“Murder,” David Adams Richards writes in his new work of non-fiction, “is always the same crime. It is always done in fear and rage. It always tries to hide itself and run away, and when caught defends itself in bloated self-righteousness.” Anyone familiar with Richards’s fiction and/or the details of his almost Dickensian childhood will not be surprised to learn that the New Brunswick author has known several murderers intimately and witnessed an astonishing amount of violence. That he has emerged from these experiences with such a compassionate view of humanity is one of the many surprises in this engaging essay collection.
Richards is obsessive about his themes, here tracing the physical act of murder to its roots in our personal and collective pride, cowardice, and seemingly infinite capacity for self-deception. Expanding outward, he finds the same failings at work in the lesser crimes and moral lapses that lead to so much human suffering. He is especially scathing (and funny) about the hypocrisy of the cultural left, a group who, in their supposed concern for the welfare of humanity, “freeze out anyone who has really suffered.” These points are hammered home a few times too often, which is not unusual in a collection of essays written over the course of four decades.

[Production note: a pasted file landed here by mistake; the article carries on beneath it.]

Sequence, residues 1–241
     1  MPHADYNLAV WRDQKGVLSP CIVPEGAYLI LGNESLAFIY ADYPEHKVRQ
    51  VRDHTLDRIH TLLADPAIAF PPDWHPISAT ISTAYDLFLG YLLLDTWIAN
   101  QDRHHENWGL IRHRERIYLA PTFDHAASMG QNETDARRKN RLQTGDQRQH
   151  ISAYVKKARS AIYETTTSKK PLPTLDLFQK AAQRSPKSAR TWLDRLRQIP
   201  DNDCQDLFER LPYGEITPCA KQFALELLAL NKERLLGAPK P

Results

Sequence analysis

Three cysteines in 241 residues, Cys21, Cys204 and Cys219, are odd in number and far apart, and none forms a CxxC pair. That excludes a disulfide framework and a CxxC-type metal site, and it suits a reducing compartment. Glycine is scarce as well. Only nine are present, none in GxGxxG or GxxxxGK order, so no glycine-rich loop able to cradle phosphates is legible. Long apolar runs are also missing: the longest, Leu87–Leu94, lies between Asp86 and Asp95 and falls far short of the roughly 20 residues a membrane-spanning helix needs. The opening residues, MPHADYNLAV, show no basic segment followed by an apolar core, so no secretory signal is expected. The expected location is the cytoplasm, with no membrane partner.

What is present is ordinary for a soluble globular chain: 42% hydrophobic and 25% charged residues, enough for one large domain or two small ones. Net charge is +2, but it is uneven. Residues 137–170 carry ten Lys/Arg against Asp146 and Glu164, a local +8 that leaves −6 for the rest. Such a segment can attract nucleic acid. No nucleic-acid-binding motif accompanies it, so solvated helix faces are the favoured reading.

Richards’s musings on morality, faith, love, and place are woven into several short memoirs that shed light on events heavily fictionalized in the novels. Especially good are the portraits of his paternal grandmother (the model for Janie McLeary in the 2003 novel River of the Brokenhearted), a widow who defied convention by operating her own movie theatre, and his kindly but emotionally distant father, who clearly inspired many of the author’s quietly suffering heroes. The essays also touch on Richards’s passions for fishing, hunting, hockey, film, and the authors who have inspired his work and his life, including a personal remembrance of Maritime poet Alden Nowlan.
A selection of Richards’s poems is included. Both lyrical and sharp in tone, they distill their author’s moral vision, ear for vernacular, and his too-often unnoted mordant humour.